Sites - Important Bird and Biodiversity Areas (IBAs)
email a friend
Boeung Chhmar / Moat Khla
Cambodia, Kampong Thom,Siem Reap
104o 14.00' East 12o 51.00' North
A1, A4i, A4iii
4 - 10m
Year of IBA assessment
BirdLife Indochina Programme (BirdLife Direct Action Programme)
Site description The IBA comprises of the open wetlands and swamp forest of the Boeung Chhmar Core Area of Tonle Sap Biosphere Reserve and the adjacent Moat Khla area to the north. Boeung Chhmar is a permanent, 4,000 ha lake, surrounded by flooded swamp forest, comprising tall (7-15 m high) gallery forest and fairly homogeneous stands of short (2-4 m high) trees and scrub. Boeung Chhmar is linked to Tonle Sap Lake by a maze of channels and streams. Moat Khla is an area of flooded swamp forest, characterised by a dense network of interconnected channels and shallow creeks, running parallel to the lakeshore, bordered by tall (7-15 m high) gallery forest, dominated by Barringtonia acutangula and Diospyros cambodiana. Boeung Chhmar has been designated as a Ramsar site.Boeung Chhmar is clearly one of the important feeding sites for large waterbirds in Cambodia, particularly in the post-breeding period, and regularly supports significant numbers of Spot-billed Pelican Pelecanus philippensis, Indian Cormorant Phalacrocorax fuscicollis, Painted Stork Mycteria leucocephala and Greater Adjutant Leptoptilos dubius. In addition, Masked Finfoot Heliopais personata has been recorded at Moat Khla.
Non-bird biodiversity: Siamese Crocodile (Crocodylus siamensis) known to occur at Moat Khla, but local people reperted that now is very rare. IUCN category - critically endangered. The flooded forest is extremely important for many fish species (Rainboth 1996). The flooded forest represents and important and unique botanical community (McDonald et al. 1997).Long-tailed Macaque (Macaca fascicularis), Silvered Langur (Semnopithecus cristatus)Asiatic Softshell Turtle (Amyda cartilaginea), Malayan Box Turtle (Cuora ambionensis), Malayan Snail-eating Turtle (Malayemys subtrijuga), Yellow-headed Temple Turtle (Hieremys annandalii), Siamese Crocodile (Crocodylus siamensis).
References Edwards, P.J. (1996) Cambodia wetlands ornithological survey. Xenus Ecology. Newmarket, UK.Edwards, P.J. (1996) Recent waterbird surveys in Cambodia. Forktail 15: 29-42.Goes F., Hong Chamnan, Suon Mean, Luon Keng and Meas Rethy. 1998. Waterbird counting and survey at Prek Toal and Boeng Chhma/Moat Khla. May - June 1998. Tonle Sap Technical Coordination Unit/Ministry of Environment. Phnom Penh.Goes F. and Hong C. (2002). The status and conservation of large waterbirds on the Tonle Sap Great Lake, Cambodia 2000-2001. Wildlife Conservation Society, Phnom Penh.McDonald, A., Pech, B., Phauk, V. and Leeu, B. (1997). Plant communities of the Tonle Sap floodplain. UNESCO, IUCN, WI and SPEC, Phnom Penh.Mundkur, T., Carr, P., Sun Hean and Chhim Somean 1995. Surveys for large waterbirds in Cambodia. March - April 1994. Cambridge, UK: IUCN/SSC.Parr, J. W. K., Eames, J. C., Sun Hean, Hong Chammnan, Som Han, Vi La Pich and Seng Kim Hout 1996. Biological and social aspects of waterbird exploitation and natural resource utilization of Prek Toal, Tonle Sap Lake, Cambodia. Cambridge, UK: IUCN/SSC.Pich Bunnat and Long Kheng (2001.) Survey on reptiles and waterbirds at Boeung Tonle Chhmar and Moat Khla on 25-29 October 2001. Unpublished report, Wildlife Conservation Society, Cambodia.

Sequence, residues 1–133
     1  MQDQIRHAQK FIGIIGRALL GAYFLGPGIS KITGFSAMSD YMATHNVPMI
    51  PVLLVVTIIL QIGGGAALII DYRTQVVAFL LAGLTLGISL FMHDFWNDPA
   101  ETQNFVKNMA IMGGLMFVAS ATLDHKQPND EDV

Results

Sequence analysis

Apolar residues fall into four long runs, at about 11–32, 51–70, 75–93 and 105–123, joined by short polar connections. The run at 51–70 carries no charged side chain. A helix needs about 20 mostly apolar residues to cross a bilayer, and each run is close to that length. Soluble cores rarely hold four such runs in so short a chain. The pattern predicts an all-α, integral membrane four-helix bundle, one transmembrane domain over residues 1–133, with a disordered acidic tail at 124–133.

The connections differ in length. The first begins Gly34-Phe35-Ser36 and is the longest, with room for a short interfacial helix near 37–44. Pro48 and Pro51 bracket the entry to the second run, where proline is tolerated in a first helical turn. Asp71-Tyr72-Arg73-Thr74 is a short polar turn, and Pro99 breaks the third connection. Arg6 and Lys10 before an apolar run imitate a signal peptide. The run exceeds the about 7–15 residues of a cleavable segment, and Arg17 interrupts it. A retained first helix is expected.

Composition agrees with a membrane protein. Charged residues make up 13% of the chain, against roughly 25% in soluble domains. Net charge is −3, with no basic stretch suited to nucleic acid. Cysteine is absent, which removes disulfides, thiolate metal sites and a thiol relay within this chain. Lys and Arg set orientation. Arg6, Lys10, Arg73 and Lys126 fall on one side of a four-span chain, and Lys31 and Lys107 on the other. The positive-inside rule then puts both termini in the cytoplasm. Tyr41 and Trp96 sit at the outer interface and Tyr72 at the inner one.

Contribute Please click here to
help BirdLife conserve the world's birds - your data for this IBA and others are vital
for helping protect the environment.
BirdLife International (2015) Important Bird Areas factsheet: Boeung Chhmar / Moat Khla. Downloaded from
http://www.birdlife.org on 02/08/2015
To provide new information to update this factsheet or to correct any errors, please email BirdLife